Friday, 23 March 2018

After the Face Plant

The scandal over Cambridge Analytica's plunder of Facebook user-data has highlighted a much deeper problem: the business model for Facebook is tailor-made for propaganda.

Two issues arose from the scandal:

  • Cambridge Analytica scooped information from all the friends of the people who did their personality test; and
  • Facebook didn't tell those people their data would be used this way.

The first is not much of an issue. Facebook could have sold that extra information but chose instead to turn a blind eye, allowing CA free rein, presumably in the expectation that it (FB) would later be able to charge CA and it's future rivals once this new propaganda business had been proven.

As for the second issue: not telling people? Well that's a breach of trust and FB will obviously have to do better while it tries to regain that trust.

BUT everyone knows that FB sells access to its users, don't they? And is advertising really all that different from political propaganda? If you're happy to allow (say) drink advertisers to test messaging on small target groups and then run the best messages more widely, what difference does it make if the advertiser is seeking votes instead of drink purchases? You're already well into manipulation.

Still, somehow it feels way worse when the ultimate prize is control of a country rather than just more market share for some product or service. Why is this? One reason is that politics often turns out to be a winner-takes-all game, even under MMP, whereas even if you don't like the drinks market leader you can just buy one of the smaller brands. Another is that we have a system of competition and fair-trading laws, and ultimately economic regulation, for commercial merchants but no corresponding constraints on political parties.

So even if we're OK with FB selling our secrets to commercial advertisers, we might reasonably object to those same secrets being sold to political propagandists. But what should we do about it? Here are a few ideas I've come across in recent days.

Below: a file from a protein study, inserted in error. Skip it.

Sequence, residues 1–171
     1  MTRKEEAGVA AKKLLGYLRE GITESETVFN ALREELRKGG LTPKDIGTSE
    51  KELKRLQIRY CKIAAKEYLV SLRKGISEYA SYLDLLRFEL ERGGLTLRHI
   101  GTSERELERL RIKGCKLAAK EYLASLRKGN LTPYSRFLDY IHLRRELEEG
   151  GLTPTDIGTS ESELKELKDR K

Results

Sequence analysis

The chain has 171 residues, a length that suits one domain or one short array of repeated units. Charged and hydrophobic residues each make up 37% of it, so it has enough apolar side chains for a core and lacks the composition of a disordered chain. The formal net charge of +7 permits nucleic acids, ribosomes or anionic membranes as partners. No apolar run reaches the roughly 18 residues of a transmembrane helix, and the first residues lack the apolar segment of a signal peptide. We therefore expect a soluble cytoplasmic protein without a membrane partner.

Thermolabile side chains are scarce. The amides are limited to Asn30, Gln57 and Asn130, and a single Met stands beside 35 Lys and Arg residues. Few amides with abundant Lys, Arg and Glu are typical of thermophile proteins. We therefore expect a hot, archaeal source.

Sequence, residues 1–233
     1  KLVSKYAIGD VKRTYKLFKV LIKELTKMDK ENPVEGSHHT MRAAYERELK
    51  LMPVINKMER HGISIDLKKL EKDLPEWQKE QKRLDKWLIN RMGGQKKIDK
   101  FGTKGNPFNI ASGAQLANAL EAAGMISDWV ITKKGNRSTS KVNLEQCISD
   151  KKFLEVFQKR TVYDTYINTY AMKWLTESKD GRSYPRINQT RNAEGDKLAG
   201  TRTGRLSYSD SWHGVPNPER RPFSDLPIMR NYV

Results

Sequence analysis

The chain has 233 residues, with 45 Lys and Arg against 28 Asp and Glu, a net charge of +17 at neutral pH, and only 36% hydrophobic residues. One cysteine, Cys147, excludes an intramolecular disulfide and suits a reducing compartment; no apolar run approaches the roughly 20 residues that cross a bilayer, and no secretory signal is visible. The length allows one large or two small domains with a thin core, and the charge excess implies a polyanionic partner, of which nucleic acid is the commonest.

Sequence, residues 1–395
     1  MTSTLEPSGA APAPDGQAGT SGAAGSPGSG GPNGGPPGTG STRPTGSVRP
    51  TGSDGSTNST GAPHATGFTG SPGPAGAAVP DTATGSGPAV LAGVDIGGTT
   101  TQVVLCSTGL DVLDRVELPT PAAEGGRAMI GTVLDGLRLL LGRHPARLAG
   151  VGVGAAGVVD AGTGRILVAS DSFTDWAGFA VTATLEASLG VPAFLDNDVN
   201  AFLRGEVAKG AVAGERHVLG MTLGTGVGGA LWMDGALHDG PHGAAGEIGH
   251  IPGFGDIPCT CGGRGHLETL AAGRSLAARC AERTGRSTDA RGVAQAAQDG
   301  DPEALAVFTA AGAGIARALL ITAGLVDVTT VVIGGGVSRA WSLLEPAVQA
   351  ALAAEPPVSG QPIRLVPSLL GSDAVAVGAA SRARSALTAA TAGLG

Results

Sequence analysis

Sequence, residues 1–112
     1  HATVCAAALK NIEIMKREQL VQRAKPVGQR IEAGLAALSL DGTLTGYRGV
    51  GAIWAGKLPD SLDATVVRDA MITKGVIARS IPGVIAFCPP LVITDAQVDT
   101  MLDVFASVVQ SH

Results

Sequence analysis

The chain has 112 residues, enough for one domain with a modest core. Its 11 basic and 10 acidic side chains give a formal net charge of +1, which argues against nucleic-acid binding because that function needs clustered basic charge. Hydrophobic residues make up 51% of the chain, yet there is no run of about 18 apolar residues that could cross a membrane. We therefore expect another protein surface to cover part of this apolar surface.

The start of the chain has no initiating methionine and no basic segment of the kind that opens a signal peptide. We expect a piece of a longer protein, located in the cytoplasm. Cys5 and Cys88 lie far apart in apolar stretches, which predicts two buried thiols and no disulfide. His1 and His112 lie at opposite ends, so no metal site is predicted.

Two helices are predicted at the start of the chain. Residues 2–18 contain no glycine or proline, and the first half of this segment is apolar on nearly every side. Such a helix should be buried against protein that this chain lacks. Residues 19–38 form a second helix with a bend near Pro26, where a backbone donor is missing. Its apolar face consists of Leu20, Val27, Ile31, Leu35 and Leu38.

1. Prohibit FB from selling access to user info. This is an extreme position that would eliminate the company's existing revenue streams. Usage could no-longer be "free" - you'd have to pay in more explicit ways such as cash.
  2. Break it up because the problem is that it's too big. Also extreme, this one is based on analogies from different industries in the past (Standard Oil and the Bell System).  I think this would just shift the same problem to the baby-FBs as previously occurred with the baby-Bells.
  3. Regulated open-access. An interesting idea that treats FB as a natural monopoly and forces it to offer access to a new layer of competing client interfaces that would have their own rules, norms etc.
  4. Conduct regulation. Forget all that competition nonsense (#3), just formulate some rules about the kind of cash-paying customers FB is allowed, require it to report regularly on its customers & their spending, and stomp on violations.

My feeling is that this scandal has exposed threats to our democracies and that we should the thinking of ways to counter those threats now. There are probably other options but at this point I lean towards #3 or #4. Better quality information for taxation purposes would be an added benefit of these options.


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